French move south to live in the sun

As French roads and railways move into the busiest season of the year, hope has emerged that the seasonal migration south might slacken in years to come - if only because more people will be living there already.

A new survey suggests that the French population is moving south to the sunbelt, despite the ingrained attachment of French people to their native regions. The study, published by the official statistics office, shows southern urban areas occupying the top five places in terms of growth by migration between 1982 and 1990, and the city of Montpellier topping the list, if migration and natural growth - births over deaths - are added together.

With a population of 210,000, Montpellier is the ninth largest city in France, but it is small in terms of conurbations because, unlike Paris, Lyons or Marseilles, it has swallowed up fewer of its neighbouring towns and villages. If the trend to growth continues, however, this may be just a matter of time.

Topping the list of urban areas whose population has increased over the period include Grasse, Cannes, Antibes and Toulouse in the south-west, and Nice and Toulon, both on the Riviera. One explanation for the growth of Montpellier and Toulouse is their orientation toward new-technology industries - Toulouse in aerospace and Montpellier in telecommunications.

This would not, however, explain the increase in and around Cannes, or in Nice, where jobs in traditional areas such as hotels and catering or the perfume industry have remained static. The explanation, at least in part, is likely to be quality of life - a conclusion supported by the fact that the people are moving away from Paris, Lyons, Rheims and from the biggest southern conurbation, Marseilles. All "top five" urban areas enjoy not just a mild climate, but easy access to attractive countryside, and winter and summer sports.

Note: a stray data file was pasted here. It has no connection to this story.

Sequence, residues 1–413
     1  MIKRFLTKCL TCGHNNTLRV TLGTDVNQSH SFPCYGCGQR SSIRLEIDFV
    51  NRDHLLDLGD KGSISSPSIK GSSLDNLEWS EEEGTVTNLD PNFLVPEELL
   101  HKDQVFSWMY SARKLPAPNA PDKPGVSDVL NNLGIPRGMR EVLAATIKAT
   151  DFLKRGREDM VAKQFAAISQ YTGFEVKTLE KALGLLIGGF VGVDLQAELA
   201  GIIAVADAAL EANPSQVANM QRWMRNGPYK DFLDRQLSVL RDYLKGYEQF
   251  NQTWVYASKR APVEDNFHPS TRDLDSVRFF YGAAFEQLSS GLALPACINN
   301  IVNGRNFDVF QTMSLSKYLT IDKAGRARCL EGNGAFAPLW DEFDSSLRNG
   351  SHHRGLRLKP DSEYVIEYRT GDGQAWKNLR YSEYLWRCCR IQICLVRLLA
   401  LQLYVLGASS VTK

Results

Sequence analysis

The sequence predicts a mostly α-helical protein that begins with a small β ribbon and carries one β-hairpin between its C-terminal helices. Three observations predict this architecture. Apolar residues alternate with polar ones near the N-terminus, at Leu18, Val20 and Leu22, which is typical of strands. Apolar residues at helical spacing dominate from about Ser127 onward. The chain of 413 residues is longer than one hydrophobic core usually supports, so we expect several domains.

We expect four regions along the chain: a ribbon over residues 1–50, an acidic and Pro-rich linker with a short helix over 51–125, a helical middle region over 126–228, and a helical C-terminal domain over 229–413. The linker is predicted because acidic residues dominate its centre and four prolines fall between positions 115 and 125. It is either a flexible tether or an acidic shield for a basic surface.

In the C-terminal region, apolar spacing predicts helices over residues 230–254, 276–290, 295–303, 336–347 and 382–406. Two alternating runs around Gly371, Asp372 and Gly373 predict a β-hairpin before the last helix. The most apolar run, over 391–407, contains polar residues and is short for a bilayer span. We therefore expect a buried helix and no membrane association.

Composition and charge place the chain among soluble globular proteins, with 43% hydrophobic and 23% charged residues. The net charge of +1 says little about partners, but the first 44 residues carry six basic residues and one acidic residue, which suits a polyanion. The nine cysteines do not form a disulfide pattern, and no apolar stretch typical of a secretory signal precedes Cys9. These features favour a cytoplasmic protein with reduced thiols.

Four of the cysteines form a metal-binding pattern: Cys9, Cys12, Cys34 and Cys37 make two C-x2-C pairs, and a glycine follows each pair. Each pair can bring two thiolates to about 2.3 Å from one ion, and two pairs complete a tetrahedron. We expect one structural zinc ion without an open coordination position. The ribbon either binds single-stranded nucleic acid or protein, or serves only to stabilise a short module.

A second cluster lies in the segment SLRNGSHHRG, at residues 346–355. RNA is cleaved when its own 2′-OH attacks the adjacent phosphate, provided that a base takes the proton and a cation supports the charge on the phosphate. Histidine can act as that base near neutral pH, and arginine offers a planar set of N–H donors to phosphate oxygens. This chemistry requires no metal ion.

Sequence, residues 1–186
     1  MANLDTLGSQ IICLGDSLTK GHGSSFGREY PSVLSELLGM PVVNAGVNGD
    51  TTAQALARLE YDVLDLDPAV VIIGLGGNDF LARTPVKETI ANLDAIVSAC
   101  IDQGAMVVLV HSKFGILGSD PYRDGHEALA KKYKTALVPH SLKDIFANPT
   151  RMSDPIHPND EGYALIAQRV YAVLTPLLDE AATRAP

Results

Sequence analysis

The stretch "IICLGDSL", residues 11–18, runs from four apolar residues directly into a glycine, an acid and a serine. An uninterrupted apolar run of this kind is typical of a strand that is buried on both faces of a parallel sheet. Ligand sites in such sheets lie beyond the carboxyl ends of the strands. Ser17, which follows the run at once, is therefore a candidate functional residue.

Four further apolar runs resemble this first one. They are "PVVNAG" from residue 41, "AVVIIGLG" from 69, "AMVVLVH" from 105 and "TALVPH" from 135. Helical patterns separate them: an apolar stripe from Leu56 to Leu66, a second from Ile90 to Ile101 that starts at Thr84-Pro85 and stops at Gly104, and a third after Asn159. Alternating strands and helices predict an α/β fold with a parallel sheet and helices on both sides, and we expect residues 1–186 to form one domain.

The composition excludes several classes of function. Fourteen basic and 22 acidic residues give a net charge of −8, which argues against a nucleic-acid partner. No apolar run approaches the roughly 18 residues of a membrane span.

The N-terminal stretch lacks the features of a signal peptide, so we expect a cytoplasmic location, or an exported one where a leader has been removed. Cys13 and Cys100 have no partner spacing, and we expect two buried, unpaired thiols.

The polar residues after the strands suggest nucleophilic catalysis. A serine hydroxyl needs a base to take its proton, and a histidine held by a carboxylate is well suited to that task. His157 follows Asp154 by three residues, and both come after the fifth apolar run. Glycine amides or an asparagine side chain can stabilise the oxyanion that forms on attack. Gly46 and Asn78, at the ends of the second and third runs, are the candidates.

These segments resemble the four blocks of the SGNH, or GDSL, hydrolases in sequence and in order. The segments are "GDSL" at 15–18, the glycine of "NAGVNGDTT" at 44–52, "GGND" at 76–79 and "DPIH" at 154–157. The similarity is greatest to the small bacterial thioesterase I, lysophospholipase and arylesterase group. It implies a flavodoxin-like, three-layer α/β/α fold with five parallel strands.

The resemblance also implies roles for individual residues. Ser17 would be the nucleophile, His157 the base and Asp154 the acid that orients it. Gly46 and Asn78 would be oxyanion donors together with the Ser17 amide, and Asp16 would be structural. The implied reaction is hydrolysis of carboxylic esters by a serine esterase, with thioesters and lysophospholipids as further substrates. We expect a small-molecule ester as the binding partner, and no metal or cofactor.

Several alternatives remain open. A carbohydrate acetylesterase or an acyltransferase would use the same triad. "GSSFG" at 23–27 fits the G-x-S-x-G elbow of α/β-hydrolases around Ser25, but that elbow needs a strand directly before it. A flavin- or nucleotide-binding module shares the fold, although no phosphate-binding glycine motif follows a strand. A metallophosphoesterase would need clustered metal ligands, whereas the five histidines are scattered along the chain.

One jaded commentator from one of the less favoured areas of the country had no doubt about the region's chief attraction. "We would love it if all those people leaving Paris or Lyons decided to settle in Nevers or Cosne [in central France] rather than in Cannes or Toulouse ... But can we really offer them any good reason to prefer the countryside of Nevers to the beaches of the Mediterranean or the banks of the Garonne? That would take rather an effort."

Not all the moves are southward, however. The net population increase in the more desirable southern cities masks the fact that some make the move only to return north a few months, or years, later. The reason they give most often is "cultural difference": France's northerners can find the south infuriatingly slow and casual, dislike the pervasive clientelism of the Mediterranean and find themselves longing for a little more "Anglo- Saxon order".

They are in a minority, however. The rest find that the sun and the sea more than compensate for the irritations, and they will doubtless be sitting over their pastis at this very moment, complaining about the annual invasion of the tourists.

Start your day with The Independent, sign up for daily news emails
Life and Style
Steve Shaw shows Kate how to get wet behind the ears and how to align her neck
healthSteven Shaw - the 'Buddha of Breaststroke' - applies Alexander Technique to the watery sport
Arts and Entertainment
The sight of a bucking bronco in the shape of a pink penis was too much for Hollywood actor and gay rights supporter Martin Sheen, prompting him to boycott a scene in the TV series Grace and Frankie
footballShirt then goes on sale on Gumtree
Terry Sue-Patt as Benny in the BBC children’s soap ‘Grange Hill’
voicesGrace Dent on Grange Hill and Terry Sue-Patt
Have you tried new the Independent Digital Edition apps?
ebookA unique anthology of reporting and analysis of a crucial period of history
Arts and Entertainment
Performers drink tea at the Glastonbury festival in 2010
Arts and Entertainment